|Open Bible: April 2002||
"From that time (when Peter explicitly acknowledged that he was sent by God) Jesus was beginning to show to his disciples that he must go to Jerusalem and suffer many things of the elders, and chief priests and scribes, to be killed and be raised again the third day" Mathew 16, 21).
Mathew, Mark (8, 31) and Luke (9, 22) reported this key
sentence in their Gospel. More than a simple announcement of
the close Pascal event, it represents a fundamental aspect of
the life of Christ and his followers because "a disciple
is not above his master"
In this part of the Gospel, Mathew speaks about the suffering of Jesus at a specific time and place, Jerusalem, the religious center of his country. It will be a relatively short moment of confrontation with the elders, the chief priests and the scribes who represent the main powers.
The power of the scribes resides in their knowledge and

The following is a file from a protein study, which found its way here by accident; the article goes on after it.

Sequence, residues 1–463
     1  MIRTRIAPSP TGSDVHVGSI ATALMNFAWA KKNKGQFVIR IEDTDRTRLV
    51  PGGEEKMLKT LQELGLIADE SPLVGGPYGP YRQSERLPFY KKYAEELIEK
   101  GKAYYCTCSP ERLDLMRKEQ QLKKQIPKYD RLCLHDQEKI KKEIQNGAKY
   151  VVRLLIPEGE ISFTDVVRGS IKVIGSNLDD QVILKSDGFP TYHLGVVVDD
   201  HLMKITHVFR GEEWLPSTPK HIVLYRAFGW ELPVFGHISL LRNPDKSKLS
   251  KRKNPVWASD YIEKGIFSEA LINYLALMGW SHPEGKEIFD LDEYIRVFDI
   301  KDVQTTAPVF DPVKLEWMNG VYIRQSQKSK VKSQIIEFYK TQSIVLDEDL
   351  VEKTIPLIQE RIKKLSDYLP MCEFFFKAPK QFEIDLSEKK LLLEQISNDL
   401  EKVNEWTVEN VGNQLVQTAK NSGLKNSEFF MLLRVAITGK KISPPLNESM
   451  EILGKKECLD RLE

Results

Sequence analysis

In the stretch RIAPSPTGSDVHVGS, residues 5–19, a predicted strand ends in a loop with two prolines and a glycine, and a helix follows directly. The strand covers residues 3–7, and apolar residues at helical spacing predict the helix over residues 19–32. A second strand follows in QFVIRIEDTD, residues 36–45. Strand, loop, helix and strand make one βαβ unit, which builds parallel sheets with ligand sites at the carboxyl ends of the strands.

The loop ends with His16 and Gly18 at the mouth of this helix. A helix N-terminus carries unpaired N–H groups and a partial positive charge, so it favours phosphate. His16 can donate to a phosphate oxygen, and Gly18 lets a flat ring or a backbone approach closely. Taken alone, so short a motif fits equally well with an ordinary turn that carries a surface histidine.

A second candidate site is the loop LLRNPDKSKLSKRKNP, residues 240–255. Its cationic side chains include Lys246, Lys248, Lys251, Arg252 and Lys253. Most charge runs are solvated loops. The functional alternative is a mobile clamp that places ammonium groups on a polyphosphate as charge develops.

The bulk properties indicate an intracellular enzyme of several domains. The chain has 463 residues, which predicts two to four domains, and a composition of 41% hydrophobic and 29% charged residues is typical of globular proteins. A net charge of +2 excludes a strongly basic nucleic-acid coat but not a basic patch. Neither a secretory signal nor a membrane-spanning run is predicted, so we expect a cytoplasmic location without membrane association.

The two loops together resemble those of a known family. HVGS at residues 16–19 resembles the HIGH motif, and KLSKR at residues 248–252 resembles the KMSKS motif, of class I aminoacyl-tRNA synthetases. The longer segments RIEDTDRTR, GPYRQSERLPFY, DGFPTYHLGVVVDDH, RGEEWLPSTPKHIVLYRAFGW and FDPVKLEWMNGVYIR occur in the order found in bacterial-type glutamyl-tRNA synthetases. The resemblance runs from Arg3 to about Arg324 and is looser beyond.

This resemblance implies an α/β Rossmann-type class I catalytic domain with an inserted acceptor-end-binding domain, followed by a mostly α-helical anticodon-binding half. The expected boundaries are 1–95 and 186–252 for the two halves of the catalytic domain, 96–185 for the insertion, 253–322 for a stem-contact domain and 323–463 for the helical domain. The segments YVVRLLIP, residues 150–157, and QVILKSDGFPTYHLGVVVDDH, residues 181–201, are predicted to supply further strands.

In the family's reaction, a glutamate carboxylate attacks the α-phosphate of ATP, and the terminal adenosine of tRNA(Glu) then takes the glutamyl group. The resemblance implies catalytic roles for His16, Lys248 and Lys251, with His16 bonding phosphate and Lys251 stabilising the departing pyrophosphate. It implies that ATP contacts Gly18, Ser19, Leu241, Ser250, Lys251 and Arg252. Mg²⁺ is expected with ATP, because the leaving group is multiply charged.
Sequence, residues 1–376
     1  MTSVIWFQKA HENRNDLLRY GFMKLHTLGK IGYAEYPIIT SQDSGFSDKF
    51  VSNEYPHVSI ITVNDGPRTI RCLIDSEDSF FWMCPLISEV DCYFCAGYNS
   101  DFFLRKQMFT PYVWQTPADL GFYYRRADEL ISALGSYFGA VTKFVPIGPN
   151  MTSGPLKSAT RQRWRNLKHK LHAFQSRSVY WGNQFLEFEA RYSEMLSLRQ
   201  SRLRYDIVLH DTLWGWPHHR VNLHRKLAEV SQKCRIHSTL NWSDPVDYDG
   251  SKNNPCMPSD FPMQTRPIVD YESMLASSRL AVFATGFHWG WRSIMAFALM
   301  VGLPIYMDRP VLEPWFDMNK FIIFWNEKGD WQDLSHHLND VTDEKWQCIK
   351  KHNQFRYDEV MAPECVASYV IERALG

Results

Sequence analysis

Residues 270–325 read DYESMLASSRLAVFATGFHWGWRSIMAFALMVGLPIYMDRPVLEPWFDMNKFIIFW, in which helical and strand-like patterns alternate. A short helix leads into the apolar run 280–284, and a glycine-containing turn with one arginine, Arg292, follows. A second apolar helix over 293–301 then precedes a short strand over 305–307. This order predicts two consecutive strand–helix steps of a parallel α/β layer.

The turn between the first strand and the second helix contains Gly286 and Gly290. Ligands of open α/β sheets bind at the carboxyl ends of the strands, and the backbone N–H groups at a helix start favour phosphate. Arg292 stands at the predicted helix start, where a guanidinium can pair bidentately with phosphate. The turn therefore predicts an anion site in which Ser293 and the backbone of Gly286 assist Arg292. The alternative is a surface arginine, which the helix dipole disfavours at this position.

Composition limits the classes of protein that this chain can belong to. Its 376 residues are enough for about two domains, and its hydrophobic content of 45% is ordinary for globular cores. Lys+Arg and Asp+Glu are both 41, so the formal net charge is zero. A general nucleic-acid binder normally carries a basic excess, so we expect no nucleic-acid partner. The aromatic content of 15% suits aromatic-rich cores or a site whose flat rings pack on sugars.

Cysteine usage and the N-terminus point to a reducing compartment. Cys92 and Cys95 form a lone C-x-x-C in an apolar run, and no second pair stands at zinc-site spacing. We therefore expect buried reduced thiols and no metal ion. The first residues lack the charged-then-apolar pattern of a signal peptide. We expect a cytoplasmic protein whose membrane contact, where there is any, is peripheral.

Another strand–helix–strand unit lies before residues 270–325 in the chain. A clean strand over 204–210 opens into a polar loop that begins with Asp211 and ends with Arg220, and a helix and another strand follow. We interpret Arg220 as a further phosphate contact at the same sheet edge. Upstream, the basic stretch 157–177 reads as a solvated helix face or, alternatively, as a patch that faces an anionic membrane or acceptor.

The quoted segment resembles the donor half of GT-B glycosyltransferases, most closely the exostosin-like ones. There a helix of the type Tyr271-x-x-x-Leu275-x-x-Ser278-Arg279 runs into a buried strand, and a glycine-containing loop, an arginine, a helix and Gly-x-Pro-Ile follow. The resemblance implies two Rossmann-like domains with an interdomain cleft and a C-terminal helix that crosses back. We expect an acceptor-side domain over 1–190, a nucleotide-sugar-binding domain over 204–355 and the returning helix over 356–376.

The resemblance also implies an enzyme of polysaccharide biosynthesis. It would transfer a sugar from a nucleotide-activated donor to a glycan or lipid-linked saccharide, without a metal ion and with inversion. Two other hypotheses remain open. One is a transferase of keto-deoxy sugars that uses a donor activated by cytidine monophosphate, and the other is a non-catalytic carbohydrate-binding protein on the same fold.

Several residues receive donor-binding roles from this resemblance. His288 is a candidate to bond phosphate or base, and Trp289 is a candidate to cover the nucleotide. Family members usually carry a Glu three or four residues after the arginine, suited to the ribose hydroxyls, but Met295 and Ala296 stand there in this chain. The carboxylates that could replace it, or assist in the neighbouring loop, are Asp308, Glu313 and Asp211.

in their possibility to define what is true in the Holy Scriptures.
Acting as non-violent, during his trial, he just pronounced a few essential words on his identity and his message. That did not prevent him to adequately recall their responsibility when they were offending him: the soldier who was slapping him, Pilate who was playing with his undisputed power.
All through the course of his passion one can notice how his conscience is peaceful; he is a free man. He is not there to obey any order coming from above but simply to faithfully practice "the beatitudes" The people who did not want a new order made of fraternity and equality cannot tolerate that.
There is not any more undisputable authority, neither fascinating sacred world, nor infallible knowledge for his disciples, it is so different from their unmovable attitude!
Testifying for the love of God, animated by God, the Christians
are not ideologists in charge of promoting a religious system
and of defending it with a sword like their opponent one as during
the time of the crusades. Not using the weapons of this world,
they respond to their offenders only by calm and committed statements
or by their silence.